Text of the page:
PHILADELPHIA - Hillary Clinton on Tuesday became the first woman to be nominated for president of the United States by a major political party on a historic night during which her campaign also sought to reintroduce her to skeptical voters and calm continuing tensions here.
This is after she clinched the nomination as the flag-bearer for the Democratic Party at the ongoing Democratic National Convention in Philadelphia.
Part of that task fell to former president Bill Clinton, who delivered a keynote speech at the Democratic National Convention that began by recounting his courtship of his wife and detailed her lengthy career in public service, including helping children, immigrants and people with disabilities.
“She’s the best darn change-maker I ever met in my entire life,” the former president said. “This woman has never been satisfied with the status quo on anything. She always wants to move the ball forward. That’s just who she is.”
Bill Clinton also argued that Republicans had tried to turn his wife into a “cartoon” during their national convention last week in Cleveland.
“What’s the difference in what I told you and what they said?” he asked. “One is real and the other is made up. . . . You just have to decide which is which, my fellow Americans.”
Hillary Clinton, along with her daughter, Chelsea, are scheduled to address the convention on Thursday, when she formally accepts the nomination.
But Tuesday night she appeared on a large screen, remote from New York, thanking the delegates for helping her put “the biggest crack in that glass ceiling yet.”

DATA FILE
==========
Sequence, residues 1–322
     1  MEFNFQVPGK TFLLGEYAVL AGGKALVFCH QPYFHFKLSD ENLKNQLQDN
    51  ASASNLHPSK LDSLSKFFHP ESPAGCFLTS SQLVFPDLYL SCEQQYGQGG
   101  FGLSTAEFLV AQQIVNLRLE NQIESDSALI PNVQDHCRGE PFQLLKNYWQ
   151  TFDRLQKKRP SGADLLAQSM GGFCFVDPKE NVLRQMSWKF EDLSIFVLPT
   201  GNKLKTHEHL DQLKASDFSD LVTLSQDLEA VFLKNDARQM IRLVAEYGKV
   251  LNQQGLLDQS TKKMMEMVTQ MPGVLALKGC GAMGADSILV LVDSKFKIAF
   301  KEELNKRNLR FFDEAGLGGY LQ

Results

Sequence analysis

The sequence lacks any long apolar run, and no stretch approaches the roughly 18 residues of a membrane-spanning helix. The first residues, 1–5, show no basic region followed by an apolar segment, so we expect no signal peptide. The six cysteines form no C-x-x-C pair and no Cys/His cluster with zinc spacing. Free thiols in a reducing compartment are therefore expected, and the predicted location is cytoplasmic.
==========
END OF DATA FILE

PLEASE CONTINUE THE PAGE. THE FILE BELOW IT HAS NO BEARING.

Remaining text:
Clinton formally secured the nomination earlier in the night during the roll call of states, which ended with a symbolic gesture: Her primary rival, Vermont Sen. Bernie Sanders, asking that Clinton be declared the nominee by acclamation, a move that prompted resounding cheers.
Soon after, Clinton sent out a video on Twitter showing Sanders’s remarks and declaring “Stronger together,” her campaign motto.
Sanders’s action, however, wasn’t sufficient to bring on board all of his delegates, some of whom walked out of the hall in protest, adding to the party’s difficulties this week in displaying unity as Clinton fights a pitched battle against Republican nominee Donald Trump.
The program then turned to a long series of speakers offering testimonials to Hillary Clinton’s character and record of service.
They included a series of mothers who have lost their children to gun violence or in police custody and are now fighting for reforms.
“Hillary is one mother who can ensure our movement will succeed,” said Sybrina Fulton, the mother of Trayvon Martin, who was fatally shot by a neighborhood watch volunteer in Florida.
Chants of “Black Lives Matter!” could be heard in the convention arena as the women, who call themselves “The Mothers of the Movement,” made their emotional presentations.
Roll call vote
During the roll call of states, Clinton, the former secretary of state, secured the 2,383 delegates needed to win the party’s nomination when the South Dakota delegation cast its votes.
Sanders, the runner-up for the nomination, appeared on the convention floor at the end of the process and made a motion to suspend the rules.
“I move that Hillary Clinton be selected as the nominee of the Democratic Party for president of the United States,” Sanders said.
With the motion seconded, a loud roar of aye’s arose, making her the nominee at 6:56 p.m. Eastern time.